On entering the Rebbe’s room for a private audience, a Lubavitcher communal leader noticed that the Rebbe’s expression had a hint of sadness. With some boldness, he asked the Rebbe what was troubling him.

The Rebbe replied that there was a family in Crown Heights with six children — five boys and a girl. The boys had already grown up, married, and assumed positions heading Lubavitch outreach centers in cities throughout the world. A while ago, the girl had also married. Recently, she and her husband had written the Rebbe, asking if they should assume a position in a distant city.

The Rebbe gave his approval contingent on the consent of the girl’s parents. Although this would mean that the elder couple would be alone, they willingly agreed.

“At the present moment,” the Rebbe concluded, “the parents and their daughter are at the airport saying farewell. Many tears are being shed. It’s true that they are tears of joy, but they are crying all the same. And when they are crying, how can I not cry?”

Parshas Massei

Among the concepts taught in Parshas Massei is the commandment to set aside cities for the Levites. All of the other tribes were given a specific portion of land for them to populate. The Levites, by contrast, were given 48 cities that were dispersed throughout the entire Holy Land, several in the ancestral heritages of each of the other tribes.

Why this distinction? Because the Levites were given the mission to serve as teachers and spiritual leaders. Such a person must realize that he cannot fulfill his mission by remaining secluded in an ivory tower. Instead, he must become integrated with the people as a whole.

This concept has implications on many levels. On the most obvious, a teacher should not wait for a student to come to him. He must be willing to go out to the student and attract his interest. Moreover, his “going out” should not be an occasional visit, after which he retreats to his own spiritually secure community. Instead he should be willing to make the investment to live permanently among his students and become involved with them in an ongoing manner.

There is, however, a deeper point. True teaching comes from living with a person. The Bible praises Elisha as one “who poured water over Elijah’s hands.” In other words, he performed manual tasks for him, helping him in the ordinary details of day-to-day life. Our Rabbis ask: Why isn’t Elisha praised as being Elijah’s student?

They answer that Elisha learned more from living with Elijah and performing these basic tasks on his behalf than from hearing his teachings. When a person lives together with a teacher, he does not receive mere abstract knowledge. He sees how the teacher has integrated his values and objectives into his own life. The Torah insights the teacher imparts are not just lofty ideals, but active principles. The student can see these principles bring about results in the way the teacher relates to his family and to others, and how they endow his life with more meaning and purpose.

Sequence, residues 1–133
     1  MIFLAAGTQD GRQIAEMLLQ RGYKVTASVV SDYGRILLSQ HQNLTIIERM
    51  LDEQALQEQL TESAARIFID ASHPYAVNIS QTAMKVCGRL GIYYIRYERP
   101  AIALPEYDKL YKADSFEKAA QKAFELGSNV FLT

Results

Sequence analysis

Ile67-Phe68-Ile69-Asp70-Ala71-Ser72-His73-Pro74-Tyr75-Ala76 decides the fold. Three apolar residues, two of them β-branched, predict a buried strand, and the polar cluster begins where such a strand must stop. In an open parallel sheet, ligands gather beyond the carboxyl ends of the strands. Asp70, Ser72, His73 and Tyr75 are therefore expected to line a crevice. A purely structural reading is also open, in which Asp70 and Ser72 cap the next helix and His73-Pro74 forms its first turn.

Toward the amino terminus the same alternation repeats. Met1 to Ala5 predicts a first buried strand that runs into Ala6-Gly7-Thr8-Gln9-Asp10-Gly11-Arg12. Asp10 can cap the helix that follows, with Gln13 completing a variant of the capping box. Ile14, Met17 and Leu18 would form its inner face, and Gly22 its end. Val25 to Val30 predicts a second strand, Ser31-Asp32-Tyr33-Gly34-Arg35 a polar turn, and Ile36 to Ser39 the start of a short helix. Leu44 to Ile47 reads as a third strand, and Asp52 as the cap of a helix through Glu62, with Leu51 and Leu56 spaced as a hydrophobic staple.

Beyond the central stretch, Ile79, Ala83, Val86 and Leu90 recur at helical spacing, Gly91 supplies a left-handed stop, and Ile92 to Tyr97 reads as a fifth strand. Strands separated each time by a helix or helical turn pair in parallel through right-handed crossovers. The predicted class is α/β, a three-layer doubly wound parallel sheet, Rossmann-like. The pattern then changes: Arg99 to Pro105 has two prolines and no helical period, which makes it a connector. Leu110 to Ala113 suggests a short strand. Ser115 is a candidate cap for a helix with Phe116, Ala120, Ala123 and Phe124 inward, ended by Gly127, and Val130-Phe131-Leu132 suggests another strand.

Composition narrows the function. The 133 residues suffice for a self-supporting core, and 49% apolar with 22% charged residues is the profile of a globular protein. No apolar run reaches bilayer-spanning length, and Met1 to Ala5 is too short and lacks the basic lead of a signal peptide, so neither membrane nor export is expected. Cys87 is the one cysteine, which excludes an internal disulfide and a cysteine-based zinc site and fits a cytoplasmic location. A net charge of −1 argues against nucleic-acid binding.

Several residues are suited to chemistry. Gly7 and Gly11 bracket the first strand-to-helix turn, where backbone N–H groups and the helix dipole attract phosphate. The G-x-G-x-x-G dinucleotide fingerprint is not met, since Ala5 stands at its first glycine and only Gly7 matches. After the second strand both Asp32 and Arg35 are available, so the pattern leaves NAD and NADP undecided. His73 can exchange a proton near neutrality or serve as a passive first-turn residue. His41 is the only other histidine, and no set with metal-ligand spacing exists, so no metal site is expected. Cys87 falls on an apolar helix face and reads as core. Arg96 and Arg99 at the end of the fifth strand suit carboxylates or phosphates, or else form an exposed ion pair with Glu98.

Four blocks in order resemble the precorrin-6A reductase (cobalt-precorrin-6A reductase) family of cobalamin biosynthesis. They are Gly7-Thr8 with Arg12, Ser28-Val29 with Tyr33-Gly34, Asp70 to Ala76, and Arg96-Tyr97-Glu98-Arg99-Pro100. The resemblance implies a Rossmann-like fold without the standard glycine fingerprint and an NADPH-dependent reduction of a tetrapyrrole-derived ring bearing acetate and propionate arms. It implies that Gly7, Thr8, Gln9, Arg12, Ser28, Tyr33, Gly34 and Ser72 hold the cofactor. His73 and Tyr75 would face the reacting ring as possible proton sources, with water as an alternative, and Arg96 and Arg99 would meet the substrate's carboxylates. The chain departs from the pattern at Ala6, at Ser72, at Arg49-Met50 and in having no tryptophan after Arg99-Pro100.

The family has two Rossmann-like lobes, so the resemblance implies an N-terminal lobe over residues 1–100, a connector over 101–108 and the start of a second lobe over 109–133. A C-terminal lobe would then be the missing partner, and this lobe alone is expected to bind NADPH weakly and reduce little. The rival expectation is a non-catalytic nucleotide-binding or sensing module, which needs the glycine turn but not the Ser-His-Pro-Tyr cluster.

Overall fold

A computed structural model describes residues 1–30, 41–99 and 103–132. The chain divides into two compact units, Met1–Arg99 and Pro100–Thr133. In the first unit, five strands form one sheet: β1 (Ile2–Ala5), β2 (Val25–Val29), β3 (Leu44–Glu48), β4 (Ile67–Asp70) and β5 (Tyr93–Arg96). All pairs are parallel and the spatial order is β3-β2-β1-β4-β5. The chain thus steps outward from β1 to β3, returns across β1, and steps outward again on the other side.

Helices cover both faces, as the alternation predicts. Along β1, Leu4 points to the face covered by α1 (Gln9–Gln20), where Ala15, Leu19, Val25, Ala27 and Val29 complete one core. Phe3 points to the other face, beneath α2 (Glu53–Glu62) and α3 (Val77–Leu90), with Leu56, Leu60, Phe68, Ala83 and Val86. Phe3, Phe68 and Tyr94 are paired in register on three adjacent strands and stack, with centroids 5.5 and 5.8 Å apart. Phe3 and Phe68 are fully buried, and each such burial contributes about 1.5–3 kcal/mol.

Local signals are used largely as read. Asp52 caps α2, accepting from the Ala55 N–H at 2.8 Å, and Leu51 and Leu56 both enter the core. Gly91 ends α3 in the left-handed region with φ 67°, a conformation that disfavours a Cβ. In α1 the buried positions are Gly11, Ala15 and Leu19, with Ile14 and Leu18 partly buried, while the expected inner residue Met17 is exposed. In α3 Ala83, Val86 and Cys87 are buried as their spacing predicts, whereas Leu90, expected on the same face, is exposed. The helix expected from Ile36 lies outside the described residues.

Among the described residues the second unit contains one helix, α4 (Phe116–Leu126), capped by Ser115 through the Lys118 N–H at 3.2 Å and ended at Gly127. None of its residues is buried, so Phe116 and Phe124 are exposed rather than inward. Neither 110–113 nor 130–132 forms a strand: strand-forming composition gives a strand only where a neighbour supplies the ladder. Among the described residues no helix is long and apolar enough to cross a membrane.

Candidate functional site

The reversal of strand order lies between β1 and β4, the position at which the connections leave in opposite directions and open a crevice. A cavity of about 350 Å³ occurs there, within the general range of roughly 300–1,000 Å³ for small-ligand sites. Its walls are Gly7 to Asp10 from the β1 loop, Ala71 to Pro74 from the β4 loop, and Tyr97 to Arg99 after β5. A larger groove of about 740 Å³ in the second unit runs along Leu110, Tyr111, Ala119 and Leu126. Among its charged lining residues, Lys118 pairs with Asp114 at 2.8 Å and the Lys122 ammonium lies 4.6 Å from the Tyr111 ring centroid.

These are the types of lessons that make an impression on a student and empower him to change his own life. In order to teach in this manner, the Levites were commanded to live dispersed among the other tribes.

Looking to the Horizon

Parshas Massei is always read in the period of time known as the “three weeks” interposed between the commemorative fasts of the Seventeenth of Tammuz and Tishah B’Av. These fasts mark the conquest of Jerusalem and the destruction of the Holy Temple. As such, it is a time when we focus our attention on the idea of exile and our people’s hope for Redemption.

A person may legitimately ask: “What does it mean that we are in exile? It does not appear that I have been taken from another place and transported here. This feels like my home.”

It’s true, we feel at home in our present environment. Why shouldn’t we? It offers peace, prosperity, and opportunities for growth that no culture in history has ever experienced. For this, we must be very thankful.

Simultaneously, there is something missing. When the Temple was standing, it afforded every visitor a direct appreciation of G‑dliness. A person felt as if he had seen the Divine.

This is what it means to be in exile. It is not necessarily about suffering difficulty and hardship, but the inability to appreciate G‑dliness.

This is what we lack today. And as a result, there is something missing in all the good that we do have. It isn’t bad, it just isn’t life at its fullest.

As we become conscious of the nature of exile, a thirst for Redemption is kindled, for every person sincerely desires to live a life connected with G‑d.